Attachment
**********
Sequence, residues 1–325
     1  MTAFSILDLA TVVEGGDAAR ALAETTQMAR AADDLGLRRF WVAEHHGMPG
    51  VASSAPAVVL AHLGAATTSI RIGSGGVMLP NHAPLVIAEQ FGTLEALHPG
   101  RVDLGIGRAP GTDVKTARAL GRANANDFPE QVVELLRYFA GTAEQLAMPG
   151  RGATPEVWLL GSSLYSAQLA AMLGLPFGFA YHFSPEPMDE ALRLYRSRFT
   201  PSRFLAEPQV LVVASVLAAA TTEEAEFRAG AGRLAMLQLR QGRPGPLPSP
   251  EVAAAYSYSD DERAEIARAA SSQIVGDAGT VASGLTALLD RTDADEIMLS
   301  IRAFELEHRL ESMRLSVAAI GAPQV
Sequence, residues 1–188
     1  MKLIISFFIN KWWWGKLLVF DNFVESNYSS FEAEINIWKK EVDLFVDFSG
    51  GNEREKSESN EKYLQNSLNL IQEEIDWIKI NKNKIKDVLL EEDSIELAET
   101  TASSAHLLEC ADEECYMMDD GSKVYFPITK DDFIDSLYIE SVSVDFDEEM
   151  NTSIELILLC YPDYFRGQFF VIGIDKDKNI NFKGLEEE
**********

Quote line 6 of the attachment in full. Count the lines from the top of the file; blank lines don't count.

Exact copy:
   201  PSRFLAEPQV LVVASVLAAA TTEEAEFRAG AGRLAMLQLR QGRPGPLPSP